(8) Where a Bill is returned to Parliament pursuant to subsection (7) and that Bill is thereafter passed by the votes of not less than two-thirds of the Members of Parliament, it shall immediately become law and the Speaker shall thereupon cause it to be published in the Gazette.
(9) Nothing in this section or in section 53 of this Constitution shall prevent Parliament from conferring on any person or authority the power to make statutory instruments.
Minister may introduce Bill and be summoned to Parliament
(1) A Minister may introduce a Bill in Parliament and take part, but without a vote, in the deliberations of Parliament on that Bill.
  (2) A Minister may be summoned before Parliament or a Committee thereof:
a. to give an account of any matter falling within his portfolio; or
b. to explain any aspect of Government policy.

Alteration of this Constitution
(1) Subject to the provisions of this section, Parliament may alter this Constitution.
(2) A Bill for an Act of Parliament under this section shall not be passed by Parliament unless—
 a) before the first reading of the Bill in Parliament the text of the Bill is published in at least two issues of the Gazette: Provided that not less than nine days shall elapse between the first publication of the Bill in the Gazette and the second publication; and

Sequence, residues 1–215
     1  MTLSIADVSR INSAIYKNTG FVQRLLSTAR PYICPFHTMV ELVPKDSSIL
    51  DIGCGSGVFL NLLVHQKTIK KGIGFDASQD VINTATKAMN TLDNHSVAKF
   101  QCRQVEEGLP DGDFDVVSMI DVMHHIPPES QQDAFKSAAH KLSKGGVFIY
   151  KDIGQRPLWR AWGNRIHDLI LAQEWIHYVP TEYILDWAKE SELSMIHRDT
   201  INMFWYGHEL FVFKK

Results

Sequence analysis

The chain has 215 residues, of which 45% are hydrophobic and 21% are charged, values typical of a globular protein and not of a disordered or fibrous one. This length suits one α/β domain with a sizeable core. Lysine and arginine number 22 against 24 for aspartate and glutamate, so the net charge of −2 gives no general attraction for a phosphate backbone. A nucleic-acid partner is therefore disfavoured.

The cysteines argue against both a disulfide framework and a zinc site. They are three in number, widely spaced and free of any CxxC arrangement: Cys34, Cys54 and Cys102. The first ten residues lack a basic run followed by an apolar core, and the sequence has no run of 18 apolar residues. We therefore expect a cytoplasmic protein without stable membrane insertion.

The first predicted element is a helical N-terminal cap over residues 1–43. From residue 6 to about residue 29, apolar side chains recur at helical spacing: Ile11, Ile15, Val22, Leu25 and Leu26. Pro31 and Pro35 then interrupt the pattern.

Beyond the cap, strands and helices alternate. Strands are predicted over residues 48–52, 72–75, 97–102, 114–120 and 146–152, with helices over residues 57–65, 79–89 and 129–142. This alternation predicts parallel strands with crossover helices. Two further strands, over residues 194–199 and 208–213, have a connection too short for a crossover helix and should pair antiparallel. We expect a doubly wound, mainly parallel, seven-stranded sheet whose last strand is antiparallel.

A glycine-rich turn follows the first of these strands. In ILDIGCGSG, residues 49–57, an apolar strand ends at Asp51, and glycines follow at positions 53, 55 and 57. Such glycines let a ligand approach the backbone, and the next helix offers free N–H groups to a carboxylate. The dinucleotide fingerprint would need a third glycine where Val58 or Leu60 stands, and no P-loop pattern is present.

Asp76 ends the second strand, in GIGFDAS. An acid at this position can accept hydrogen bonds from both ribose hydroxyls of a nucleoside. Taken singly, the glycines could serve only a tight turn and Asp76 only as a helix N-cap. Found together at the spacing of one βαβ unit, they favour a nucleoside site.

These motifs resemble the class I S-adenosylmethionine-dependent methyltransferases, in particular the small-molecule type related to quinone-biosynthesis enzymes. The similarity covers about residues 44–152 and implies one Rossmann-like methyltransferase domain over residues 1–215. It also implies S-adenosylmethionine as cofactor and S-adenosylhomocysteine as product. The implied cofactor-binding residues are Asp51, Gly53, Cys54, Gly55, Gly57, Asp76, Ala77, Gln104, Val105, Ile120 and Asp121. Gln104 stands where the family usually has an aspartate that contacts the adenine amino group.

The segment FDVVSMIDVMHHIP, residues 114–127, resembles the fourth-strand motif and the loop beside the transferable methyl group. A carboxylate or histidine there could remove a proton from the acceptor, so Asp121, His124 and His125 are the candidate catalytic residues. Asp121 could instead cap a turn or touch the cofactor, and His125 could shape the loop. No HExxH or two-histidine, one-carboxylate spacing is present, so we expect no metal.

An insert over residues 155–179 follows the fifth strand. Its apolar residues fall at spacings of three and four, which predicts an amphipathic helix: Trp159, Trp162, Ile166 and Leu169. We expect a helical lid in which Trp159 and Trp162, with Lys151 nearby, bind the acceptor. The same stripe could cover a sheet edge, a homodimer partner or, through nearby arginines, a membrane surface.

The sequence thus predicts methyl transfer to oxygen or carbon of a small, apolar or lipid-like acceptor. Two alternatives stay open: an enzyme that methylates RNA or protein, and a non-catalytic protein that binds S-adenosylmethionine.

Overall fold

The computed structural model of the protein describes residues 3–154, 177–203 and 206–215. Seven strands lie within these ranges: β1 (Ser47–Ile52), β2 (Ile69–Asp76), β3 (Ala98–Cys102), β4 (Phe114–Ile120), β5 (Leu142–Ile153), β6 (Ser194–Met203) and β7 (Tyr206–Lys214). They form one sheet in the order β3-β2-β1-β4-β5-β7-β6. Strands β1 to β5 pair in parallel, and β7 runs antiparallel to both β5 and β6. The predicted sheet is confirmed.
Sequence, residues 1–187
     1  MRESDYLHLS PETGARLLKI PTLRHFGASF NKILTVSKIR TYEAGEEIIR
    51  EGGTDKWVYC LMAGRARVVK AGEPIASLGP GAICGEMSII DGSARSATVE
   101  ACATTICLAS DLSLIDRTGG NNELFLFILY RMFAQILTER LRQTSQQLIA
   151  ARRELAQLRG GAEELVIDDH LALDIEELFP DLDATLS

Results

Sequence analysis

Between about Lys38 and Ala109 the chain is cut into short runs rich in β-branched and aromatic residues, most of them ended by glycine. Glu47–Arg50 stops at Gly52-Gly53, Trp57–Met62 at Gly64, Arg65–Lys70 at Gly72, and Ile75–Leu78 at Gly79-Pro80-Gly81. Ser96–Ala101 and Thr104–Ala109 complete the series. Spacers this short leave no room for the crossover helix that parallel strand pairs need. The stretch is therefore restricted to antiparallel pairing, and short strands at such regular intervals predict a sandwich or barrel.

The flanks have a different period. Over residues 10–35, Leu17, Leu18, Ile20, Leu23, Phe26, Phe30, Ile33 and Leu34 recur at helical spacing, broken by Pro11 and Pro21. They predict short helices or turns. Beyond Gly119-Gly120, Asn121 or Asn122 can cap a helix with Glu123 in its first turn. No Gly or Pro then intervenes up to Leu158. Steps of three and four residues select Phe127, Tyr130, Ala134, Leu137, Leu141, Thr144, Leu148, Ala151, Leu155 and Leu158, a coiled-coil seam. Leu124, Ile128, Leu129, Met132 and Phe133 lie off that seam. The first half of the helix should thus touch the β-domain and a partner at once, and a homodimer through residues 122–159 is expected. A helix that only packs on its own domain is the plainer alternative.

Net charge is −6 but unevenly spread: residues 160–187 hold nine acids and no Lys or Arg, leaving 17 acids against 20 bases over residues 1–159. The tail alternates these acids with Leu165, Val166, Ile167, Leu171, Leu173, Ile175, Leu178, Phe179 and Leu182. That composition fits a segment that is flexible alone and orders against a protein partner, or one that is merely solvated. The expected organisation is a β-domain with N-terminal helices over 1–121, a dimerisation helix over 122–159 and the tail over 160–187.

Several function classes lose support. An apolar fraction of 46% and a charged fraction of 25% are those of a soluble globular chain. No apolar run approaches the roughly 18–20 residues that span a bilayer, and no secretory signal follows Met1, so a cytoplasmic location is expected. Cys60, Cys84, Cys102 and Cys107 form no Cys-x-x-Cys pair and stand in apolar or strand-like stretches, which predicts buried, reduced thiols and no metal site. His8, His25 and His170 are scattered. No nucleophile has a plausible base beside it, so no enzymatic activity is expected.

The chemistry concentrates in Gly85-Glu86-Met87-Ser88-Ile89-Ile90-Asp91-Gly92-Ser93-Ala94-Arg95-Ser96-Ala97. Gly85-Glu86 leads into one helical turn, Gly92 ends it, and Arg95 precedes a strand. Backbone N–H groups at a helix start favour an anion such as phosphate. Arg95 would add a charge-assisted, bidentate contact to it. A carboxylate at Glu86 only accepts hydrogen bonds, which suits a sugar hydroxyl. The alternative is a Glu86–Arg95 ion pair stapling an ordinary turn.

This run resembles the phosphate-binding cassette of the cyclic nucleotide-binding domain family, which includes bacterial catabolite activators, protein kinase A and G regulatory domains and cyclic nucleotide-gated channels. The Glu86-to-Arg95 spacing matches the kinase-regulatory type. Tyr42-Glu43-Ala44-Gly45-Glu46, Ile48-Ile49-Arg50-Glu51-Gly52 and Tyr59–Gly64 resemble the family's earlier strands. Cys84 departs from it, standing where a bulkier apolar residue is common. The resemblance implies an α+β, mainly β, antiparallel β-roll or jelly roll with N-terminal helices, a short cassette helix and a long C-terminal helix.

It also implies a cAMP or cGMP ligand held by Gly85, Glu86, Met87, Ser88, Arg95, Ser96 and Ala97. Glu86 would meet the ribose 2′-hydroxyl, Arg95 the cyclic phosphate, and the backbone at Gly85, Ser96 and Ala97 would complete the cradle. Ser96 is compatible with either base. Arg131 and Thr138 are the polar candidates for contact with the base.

b) the Bill is supported on the second and third readings by the votes of not less than two-thirds of the Members of Parliament.
(3) A Bill for an Act of Parliament enacting a new Constitution or altering any of the following provisions of this Constitution, that is to say—
a. this section
b. Chapter III,
c. sections 46, 56, 72, 73, 74(2), 74(3), 84(2), 85, 87, 105, 110-119, 120, 121, 122, 123, 124, 128, 129, 131, 132, 133, 135, 136, 137, 140, 151, 156, 167,
shall not be submitted to the President for his assent and shall not become law unless the Bill, after it has been passed by Parliament and in the form in which it was so passed, has, in accordance with the provisions of any law in that behalf, been submitted to and been approved at a referendum.